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 The History of 

 Blount Small Ship Adventures


1910: E.B. Blount & Sons Oyster Company

In the early 20th century, the workers were busy and the famous Blount oyster beds were bountiful in coastal Rhode Island. Every morning oysters and shellfish went out by the crate to eager buyers around the state. The Whitecap oysters, the Blount brand, were the best of coastal New England.


1938: Great New England Hurricane

The devastation caused by the Great New England Hurricane of 1938 changed everything. When the clouds finally rolled away, the effects of the hurricane were lasting. E.B. Blount & Sons Oyster Company was left is shambles and and its once thriving oyster beds were destroyed.  The company was soon out of business.  


1949: Blount Marine Is Founded

Determined to keep the family business alive, the young engineering graduate Luther Blount returned to Rhode Island and started Blount Marine and got to work on a series of innovations that began with a new method of steaming clams, that resulted in our shellfish making its way into homes across New England via Campbell’s soups’ clam chowder.


1950: An Inventor Is Born

Luther Blount designs, patents, and builds his first boat, a 77’ steel catamaran. He bid and won a job to construct a fuel oil service vessel using the same catamaran concept based on two cylindrical floats which he dubbed the “twin tube.” This design was succeeded by a progression of larger and more complex vessels resulting in a quantum expansion of the shipyard.


1952: Miss Liberty

One of the most famous vessels built at the shipyard was the 130-foot, 600-passenger Miss Liberty. Built in 1952, this boat carried over 60,000,000 passengers from Manhattan to the Statue of Liberty for the Circle Line. It is believed to have ferried the most passengers of any boat.  


1955: Oyster Processing Plant to Shipbuilding Workshop

Despite correcting the course of the family business, Luther was troubled by the once bustling oyster processing plant. He decided to turn it into a workspace for constructing a new oyster boat. Luther had found a new calling in shipbuilding, and so had Blount Boats. 


1962: 100 Vessels, Countless New Experiences

By now, Blount had built more than 100 vessels – everything from the ferries to dinner boats to commercial trawlers to offshore supply vessels. Luther found inspiration by delivering these vessels and exploring new areas with his family. For the years that followed, the Blount’s spent their vacations aboard the family boat, cruising, fishing, and enjoying the water. Luther also continued to innovate, filing many patents for controllable pitch propellers and new ideas for trawlers.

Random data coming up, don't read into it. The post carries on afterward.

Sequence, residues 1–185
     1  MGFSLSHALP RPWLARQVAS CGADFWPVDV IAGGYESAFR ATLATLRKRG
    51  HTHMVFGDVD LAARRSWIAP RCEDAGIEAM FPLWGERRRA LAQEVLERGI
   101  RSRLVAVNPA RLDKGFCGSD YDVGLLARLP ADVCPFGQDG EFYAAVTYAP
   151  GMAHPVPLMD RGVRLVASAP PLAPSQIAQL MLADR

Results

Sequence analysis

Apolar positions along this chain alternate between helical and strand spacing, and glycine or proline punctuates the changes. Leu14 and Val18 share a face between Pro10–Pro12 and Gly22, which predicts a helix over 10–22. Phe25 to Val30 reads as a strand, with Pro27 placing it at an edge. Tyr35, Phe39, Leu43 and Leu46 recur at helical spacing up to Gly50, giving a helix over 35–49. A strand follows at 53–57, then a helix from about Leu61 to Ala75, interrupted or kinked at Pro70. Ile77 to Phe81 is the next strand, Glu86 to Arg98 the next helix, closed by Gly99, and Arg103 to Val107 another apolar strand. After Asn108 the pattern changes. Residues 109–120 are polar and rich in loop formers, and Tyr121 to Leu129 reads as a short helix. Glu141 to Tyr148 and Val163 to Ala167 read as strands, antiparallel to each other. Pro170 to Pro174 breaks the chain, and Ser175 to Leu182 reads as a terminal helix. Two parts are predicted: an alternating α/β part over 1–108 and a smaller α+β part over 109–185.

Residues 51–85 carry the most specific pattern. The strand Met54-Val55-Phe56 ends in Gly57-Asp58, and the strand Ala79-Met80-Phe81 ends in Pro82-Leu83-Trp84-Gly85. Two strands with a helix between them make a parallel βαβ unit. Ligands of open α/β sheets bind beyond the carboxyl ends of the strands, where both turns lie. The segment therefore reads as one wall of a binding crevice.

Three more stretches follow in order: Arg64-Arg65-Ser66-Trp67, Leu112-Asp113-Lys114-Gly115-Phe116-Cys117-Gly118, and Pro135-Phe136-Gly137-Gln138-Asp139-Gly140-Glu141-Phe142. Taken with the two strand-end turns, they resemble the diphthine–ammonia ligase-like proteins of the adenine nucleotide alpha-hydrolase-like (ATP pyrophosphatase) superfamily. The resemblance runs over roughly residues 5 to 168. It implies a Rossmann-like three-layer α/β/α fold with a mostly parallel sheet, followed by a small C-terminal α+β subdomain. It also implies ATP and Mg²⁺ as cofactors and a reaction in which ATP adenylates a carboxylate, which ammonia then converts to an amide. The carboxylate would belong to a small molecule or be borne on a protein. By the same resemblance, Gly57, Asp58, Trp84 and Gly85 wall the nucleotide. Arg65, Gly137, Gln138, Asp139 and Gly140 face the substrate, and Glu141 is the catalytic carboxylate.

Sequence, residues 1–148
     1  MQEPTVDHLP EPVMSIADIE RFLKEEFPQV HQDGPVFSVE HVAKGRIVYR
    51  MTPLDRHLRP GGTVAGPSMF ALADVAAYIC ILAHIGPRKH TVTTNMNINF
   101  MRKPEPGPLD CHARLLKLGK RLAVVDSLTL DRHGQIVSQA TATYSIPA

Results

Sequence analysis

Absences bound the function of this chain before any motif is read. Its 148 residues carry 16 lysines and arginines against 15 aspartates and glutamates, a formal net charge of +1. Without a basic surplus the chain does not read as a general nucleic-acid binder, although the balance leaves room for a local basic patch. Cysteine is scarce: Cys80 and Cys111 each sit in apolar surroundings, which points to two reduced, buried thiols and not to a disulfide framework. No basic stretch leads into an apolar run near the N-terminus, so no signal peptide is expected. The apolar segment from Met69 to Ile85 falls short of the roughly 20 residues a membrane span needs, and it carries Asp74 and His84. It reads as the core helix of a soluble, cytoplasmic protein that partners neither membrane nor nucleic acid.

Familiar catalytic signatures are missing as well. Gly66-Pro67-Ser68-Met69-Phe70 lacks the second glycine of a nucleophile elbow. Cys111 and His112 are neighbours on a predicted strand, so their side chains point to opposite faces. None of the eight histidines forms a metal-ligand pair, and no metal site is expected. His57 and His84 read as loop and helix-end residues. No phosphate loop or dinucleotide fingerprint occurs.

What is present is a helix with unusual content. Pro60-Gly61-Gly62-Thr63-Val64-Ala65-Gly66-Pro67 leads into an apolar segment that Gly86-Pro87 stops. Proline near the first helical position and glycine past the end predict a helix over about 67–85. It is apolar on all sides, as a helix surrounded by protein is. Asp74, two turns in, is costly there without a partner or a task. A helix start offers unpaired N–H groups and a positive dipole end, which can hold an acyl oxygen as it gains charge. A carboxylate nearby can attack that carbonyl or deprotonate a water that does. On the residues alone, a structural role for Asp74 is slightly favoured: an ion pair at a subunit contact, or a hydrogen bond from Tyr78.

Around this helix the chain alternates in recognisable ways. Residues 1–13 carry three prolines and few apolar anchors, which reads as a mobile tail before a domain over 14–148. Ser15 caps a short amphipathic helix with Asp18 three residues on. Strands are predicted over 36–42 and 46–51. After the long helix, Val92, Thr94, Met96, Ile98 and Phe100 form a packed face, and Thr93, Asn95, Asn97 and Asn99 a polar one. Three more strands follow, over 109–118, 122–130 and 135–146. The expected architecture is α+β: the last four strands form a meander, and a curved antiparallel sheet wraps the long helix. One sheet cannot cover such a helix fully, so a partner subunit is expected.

1966: The Word Got Around, Another Vision Is Born

Soon it was more than just the Blount’s cruising together. Friends and family began to ask if they could go along. As word spread and Blount’s reputation grew, a vision began to take shape in Luther’s mind. With his signature sense of determination, this vision soon became American Canadian Caribbean Line, a new small ship cruise line, offering voyages unlike any others available. 


1970: A Vision Mature, The Innovation Begins

The inventor in Luther blended with his adventurous side and by 1970 he had more patents to his name. These patents were centered around cruising vessels. Luther’s patented bow ramp made it possible to step into the waters of secluded coves and shallow riverbanks; glass bottom boats provide passengers with a diver’s eye; and his patented retractable pilot house – combined with the shallow draft of the ships – made so many more routes possible.   


1975: Persistent Innovation

The Le Bateau dinner boat, built in 1972, is believed to be the first to operate in the U.S., launching the excursion dinner boat segment of the cruise industry in America. During the 1980’s, a group of “Spirit Class” dinner boats were constructed with three decks designed for cruising major U.S. harbors. 


1990: Paying It Forward

Back on land, Luther worked tirelessly to bring the oysters back to Rhode Island, in the waters of his beloved Narragansett Bay. He even patented a new method and means for growing oysters. His major donation to a local university created a program that taught students about marine wildlife, and challenged them with cultivating new oyster beds. He even bought land on an island refuge to help the cause. The goal remained simple and clear: rebuild what Rhode Island had lost back in 1938. 


1995 - 2009: A Reputation For Adventurous Cruising 

From the white sandy beaches of the Caribbean to the lush hills of Central America; from the serene waters of the Great Lakes to the rich history of the Northeast, Blount continued to seek out new unexplored destinations and waterways that only Blount boats could access. Although Luther had passed, the company worked to develop new adventures with the spirit of adventure. 


2009 - 2010: A New Beginning

Following a complete retrofit of the fleet, what was once American Canadian Caribbean Line was rebranded to honor the legacy of the man who started it all and Blount Small Ship Adventures was born. 


2016 - 2019: Innovation, Curiosity & Friendships Continue

Today Luther's daughters run the family business and now a 3rd generation of Blounts are joining both our cruise line and Blount Boats, our boat building sister company. With a proud nod to our history, we excitedly look ahead to what the next half-century will bring.



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